Sunscreen Policies S-1501 requires school districts to adopt a policy concerning a student’s use of sunscreen and sun-protective clothing, such as hats and sunglasses, while outdoors at school and school-sponsored functions. The policy will not require a student to provide documentation from a physician or other licensed health care professional in order to use sunscreen or sun-protective clothing while outdoors at school or a school-sponsored function. If enacted, the bill will take effect in the first full school year following the bill’s enactment. 

Anti-Bullying Law Revisions S-1790 makes various changes to the state’s anti-bullying law and improves harassment, intimidation and bullying (HIB) reporting and investigation by:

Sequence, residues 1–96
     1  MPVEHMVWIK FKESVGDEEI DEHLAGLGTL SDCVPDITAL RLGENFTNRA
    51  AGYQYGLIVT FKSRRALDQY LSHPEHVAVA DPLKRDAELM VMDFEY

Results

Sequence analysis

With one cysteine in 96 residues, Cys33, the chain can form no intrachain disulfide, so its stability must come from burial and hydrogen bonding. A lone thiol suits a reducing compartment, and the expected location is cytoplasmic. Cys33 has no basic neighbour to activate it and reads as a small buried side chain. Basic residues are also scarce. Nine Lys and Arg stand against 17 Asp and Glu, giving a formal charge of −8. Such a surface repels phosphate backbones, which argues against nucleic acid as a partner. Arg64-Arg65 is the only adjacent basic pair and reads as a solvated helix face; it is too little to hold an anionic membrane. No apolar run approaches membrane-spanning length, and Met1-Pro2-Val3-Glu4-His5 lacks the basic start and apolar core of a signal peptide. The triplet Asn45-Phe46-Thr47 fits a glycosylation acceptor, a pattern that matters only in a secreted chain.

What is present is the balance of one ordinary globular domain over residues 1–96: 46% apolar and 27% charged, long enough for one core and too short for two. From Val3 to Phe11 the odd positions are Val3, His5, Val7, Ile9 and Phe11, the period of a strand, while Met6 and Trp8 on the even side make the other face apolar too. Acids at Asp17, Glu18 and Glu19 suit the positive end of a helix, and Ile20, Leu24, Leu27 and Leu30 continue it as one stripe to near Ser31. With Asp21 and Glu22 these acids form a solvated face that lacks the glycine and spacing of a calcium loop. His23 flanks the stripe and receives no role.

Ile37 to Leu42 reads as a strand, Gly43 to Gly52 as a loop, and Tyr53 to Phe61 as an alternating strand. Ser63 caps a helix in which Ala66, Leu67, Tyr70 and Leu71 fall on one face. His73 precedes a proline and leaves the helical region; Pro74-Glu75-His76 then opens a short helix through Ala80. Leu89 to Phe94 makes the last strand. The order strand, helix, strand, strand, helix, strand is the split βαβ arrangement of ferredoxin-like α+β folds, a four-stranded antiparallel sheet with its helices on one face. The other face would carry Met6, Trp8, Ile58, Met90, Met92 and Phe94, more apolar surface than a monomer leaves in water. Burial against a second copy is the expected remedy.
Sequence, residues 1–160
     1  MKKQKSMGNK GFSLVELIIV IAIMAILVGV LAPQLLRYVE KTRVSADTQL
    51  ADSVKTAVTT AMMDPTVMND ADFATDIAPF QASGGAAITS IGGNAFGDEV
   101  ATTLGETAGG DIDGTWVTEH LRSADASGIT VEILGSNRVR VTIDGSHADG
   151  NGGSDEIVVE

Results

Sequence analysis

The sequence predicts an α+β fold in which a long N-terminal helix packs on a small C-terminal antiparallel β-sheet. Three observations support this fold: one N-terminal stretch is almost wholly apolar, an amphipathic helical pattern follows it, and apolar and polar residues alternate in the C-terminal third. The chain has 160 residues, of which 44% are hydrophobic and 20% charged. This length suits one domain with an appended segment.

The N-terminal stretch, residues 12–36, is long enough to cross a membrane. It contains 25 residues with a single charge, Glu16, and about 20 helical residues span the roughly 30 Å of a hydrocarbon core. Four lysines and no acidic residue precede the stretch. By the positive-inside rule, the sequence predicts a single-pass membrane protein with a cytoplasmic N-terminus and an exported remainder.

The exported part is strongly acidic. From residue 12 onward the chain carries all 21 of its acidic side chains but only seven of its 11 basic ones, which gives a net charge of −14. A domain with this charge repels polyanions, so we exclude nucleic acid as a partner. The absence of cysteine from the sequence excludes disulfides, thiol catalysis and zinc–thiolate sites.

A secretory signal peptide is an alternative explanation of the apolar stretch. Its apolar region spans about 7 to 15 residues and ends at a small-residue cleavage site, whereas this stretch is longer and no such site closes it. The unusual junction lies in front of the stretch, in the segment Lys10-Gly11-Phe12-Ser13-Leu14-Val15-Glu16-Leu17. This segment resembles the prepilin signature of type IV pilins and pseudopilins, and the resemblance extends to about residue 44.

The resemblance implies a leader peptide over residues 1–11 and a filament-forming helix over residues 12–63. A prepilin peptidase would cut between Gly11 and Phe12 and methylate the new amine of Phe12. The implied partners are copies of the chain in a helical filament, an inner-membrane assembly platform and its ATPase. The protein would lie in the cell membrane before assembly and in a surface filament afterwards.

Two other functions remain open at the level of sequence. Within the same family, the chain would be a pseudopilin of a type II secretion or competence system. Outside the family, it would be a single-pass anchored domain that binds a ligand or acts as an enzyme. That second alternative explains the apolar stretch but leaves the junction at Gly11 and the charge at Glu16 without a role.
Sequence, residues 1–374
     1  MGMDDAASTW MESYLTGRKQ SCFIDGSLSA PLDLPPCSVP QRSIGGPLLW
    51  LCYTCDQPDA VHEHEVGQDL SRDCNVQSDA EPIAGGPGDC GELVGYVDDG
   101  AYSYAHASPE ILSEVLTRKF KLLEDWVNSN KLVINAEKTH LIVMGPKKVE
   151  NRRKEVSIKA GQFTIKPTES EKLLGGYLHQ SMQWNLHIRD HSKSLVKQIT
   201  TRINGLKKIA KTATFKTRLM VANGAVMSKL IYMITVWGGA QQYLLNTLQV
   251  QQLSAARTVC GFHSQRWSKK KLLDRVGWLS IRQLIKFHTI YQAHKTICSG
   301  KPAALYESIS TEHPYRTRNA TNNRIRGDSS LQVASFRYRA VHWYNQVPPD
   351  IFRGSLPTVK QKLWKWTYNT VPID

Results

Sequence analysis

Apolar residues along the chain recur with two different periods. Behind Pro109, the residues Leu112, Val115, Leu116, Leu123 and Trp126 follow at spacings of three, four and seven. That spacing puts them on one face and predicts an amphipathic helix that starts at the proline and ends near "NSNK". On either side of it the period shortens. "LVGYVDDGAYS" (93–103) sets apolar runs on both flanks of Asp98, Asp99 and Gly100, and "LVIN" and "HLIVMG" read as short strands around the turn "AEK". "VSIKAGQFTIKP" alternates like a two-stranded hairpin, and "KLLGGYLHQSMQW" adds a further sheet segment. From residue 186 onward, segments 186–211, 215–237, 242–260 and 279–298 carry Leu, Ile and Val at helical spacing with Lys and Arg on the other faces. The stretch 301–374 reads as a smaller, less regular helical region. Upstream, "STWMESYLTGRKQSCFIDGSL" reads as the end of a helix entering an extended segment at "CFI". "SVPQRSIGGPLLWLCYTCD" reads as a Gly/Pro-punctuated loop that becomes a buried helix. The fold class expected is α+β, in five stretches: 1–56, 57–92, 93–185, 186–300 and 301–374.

• Placing a renewed emphasis on a supportive school climate and culture as a means to combat HIB. 
  • Creating the funded position of School Climate State Coordinator in the NJDOE to serve as a “one stop shop” for HIB information and resources for parents, students, and school staff.  The office will also coordinate and collaborate with law enforcement and other agencies on HIB efforts. 
  • Preserving the board’s role in HIB oversight and parental appeals. 
  • Requiring funding for the “Bullying Prevention Fund.” The fund shall be used to offer grants to school districts to provide training on harassment, intimidation, and bullying prevention and on the effective creation of positive school climates, and to help fund related personnel expenses. 

NJSBA supports the bill as amended and released by the committee. A copy of joint letter submitted by the NJSBA along with several other education organizations can be found here.